RMBS arrears stabilising

The latest Fitch Rating fair dinkum report is out in what looks to be a few more streams of sunlight for the economy. Arrears on RMBS are still high by historic standards, but flat interest rates look to be providing some stability.

Fitch Ratings said that the decision by the Reserve Bank of Australia (RBA) to keep cash rates unchanged since November 2010 is expected to continue to positively impact mortgage performance in Q311, after providing a certain degree of relief to borrowers in the previous quarter. The Fitch Dinkum 30+ Days RMBS Index, which tracks 30+ days delinquencies in the Australian prime RMBS sector, decreased to 1.69% in June 2011 from the record high of 1.79% in Q111.

“The stable mortgage rates over Q211 have allowed households to slightly adjust to the challenges which hampered mortgage performance during Q111, such as increasing interest rates, natural disasters, and seasonal Christmas spending,” said James Zanesi, Associate Director in Fitch’s Structured Finance team.

“Mortgage performance is also expected to continue its stabilisation through Q311 as the effect of Christmas spending continues to pass through, borrowers affected by natural disasters in Q111 continue to cure their delinquency status and households adjust their spending to the increases in mortgage rates over the last two years,” added Mr. Zanesi.

Fitch notes in particular that, in line with expectations, the decrease in arrears was mainly in the 30-59 days and 60-89 days buckets, which were also the buckets in which arrears increased the most during Q111. The Fitch Dinkum 30-59 Days RMBS Index and 60-89 Days RMBS Index decreased to 0.71% and 0.31% in Q211 respectively, down 8bp and 3bp from Q111. However, the Fitch Dinkum 90+ Days RMBS Index (the Dinkum 90+) increased marginally to 0.66% in Q211 from 0.65% in Q111. The increase in 90+ days arrears is still in line with expectations, as not all borrowers in arrears by one or two months in Q111 were expected to cure their delinquency status through Q211.

Certain borrowers (eg low-documentation, self-employed) remain under pressure when making mortgage payments. Although in Q211, Fitch’s low-documentation Dinkum Index shows that 30+ days delinquency rates decreased to 6.55% from 6.74% in Q111, the current levels are still high. Specifically, the 30+days delinquency rate for prime and non-conforming low-documentation borrowers were respectively 5.38% and 15.83% in June 2011, down 7bp and 105bp from Q111. However, the 90+days arrears for prime low-documentation borrowers are currently at 2.72%, which is a record high, suggesting that prime low-documentation borrowers are finding it difficult to cure their delinquency status.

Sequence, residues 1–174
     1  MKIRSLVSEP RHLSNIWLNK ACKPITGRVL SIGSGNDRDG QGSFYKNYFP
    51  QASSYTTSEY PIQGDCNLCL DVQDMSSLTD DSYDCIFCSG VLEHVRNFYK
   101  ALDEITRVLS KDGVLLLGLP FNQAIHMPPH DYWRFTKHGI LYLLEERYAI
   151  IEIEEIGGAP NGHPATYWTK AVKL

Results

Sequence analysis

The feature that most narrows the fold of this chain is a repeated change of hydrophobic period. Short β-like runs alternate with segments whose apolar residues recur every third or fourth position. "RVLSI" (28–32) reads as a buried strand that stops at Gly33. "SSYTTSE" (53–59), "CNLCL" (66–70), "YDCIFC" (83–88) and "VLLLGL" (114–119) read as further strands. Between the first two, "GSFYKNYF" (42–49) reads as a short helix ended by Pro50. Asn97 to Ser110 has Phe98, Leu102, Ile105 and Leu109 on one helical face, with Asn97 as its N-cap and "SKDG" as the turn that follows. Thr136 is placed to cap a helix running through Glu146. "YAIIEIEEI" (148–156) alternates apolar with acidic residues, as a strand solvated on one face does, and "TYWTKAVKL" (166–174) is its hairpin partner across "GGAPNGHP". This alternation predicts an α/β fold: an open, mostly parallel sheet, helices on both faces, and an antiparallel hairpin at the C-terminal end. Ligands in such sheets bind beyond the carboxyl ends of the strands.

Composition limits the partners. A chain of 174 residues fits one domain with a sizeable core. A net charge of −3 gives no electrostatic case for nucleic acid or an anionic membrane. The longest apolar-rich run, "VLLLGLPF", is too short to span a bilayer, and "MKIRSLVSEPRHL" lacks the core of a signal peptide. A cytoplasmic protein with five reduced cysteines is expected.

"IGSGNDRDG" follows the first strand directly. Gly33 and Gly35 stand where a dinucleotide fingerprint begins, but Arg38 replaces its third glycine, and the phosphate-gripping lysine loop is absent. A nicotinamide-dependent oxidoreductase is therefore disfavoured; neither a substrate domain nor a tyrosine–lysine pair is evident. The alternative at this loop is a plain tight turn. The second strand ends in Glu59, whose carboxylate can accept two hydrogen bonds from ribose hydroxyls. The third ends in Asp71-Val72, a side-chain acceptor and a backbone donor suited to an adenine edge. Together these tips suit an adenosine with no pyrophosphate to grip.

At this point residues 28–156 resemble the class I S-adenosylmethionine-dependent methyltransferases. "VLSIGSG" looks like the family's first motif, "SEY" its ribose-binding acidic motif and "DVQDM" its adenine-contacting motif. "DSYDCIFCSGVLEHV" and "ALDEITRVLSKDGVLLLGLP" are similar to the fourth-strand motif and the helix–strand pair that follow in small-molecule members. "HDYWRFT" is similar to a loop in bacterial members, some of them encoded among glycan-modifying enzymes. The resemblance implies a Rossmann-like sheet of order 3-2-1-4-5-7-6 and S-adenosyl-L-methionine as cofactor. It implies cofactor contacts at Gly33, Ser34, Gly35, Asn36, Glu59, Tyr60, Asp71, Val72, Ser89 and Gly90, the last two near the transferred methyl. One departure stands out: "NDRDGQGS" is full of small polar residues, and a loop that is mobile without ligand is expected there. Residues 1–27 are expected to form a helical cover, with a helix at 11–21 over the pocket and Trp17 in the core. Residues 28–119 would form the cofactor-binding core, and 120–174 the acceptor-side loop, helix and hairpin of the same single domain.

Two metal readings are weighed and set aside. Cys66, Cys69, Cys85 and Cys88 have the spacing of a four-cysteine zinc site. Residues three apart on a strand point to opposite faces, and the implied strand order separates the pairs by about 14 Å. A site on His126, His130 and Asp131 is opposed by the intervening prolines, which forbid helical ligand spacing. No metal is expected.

Covering four categories of delinquencies (30 to 59 days, 60 to 89 days, 90+ days and 30+ days) for full-documentation loans and low-documentation loans (both conforming and non-conforming), as well as claims against lenders’ mortgage insurance, the Dinkum report enables market participants to compare the performance of Australian mortgages and monitor trends in the market.

Let’s not forget the share market has continued to slide into the Q311 and we have also seen a recent uptick in unemployment which I expect to continue. But, even so, this is good news for the economy and also for the RBA as it releases just a little bit of downwards pressure on rates in the short term. Fitch ratings seem fairly optimistic about the strength of the Australian mortgage market over the next couple of quarters, but you will note that their outlook is full of all sorts of caveats.

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  1. I’m not sure that it’s as good as Fitch pretend. There is a lot of seasonality in this data, as Fitch themselves point out. Not just Christmas spending either, but floods and fires are more common in Summer. I’ve previously had to create a seasonal model for a workload that was affected by natural disasters, and February/March are the peak months.

    You would expect to see a big drop off in the middle of the year. Is this drop big enough?

  2. Carl Hodson-Thomas

    I looked at each and every Australian MBS issue on the ABS Perpetual database last week, though some of the ones with higher default rates had shown a mild recovery from June-August, the numbers certainly do not inspire confidence.

    MBS are an interesting security: as there are prepayments (prepayment risk) for the owner of the MBS, there is a natural rate of attrition of good mortgages in an issue, I think this is the key – whether prepayment risk has increased or decreased!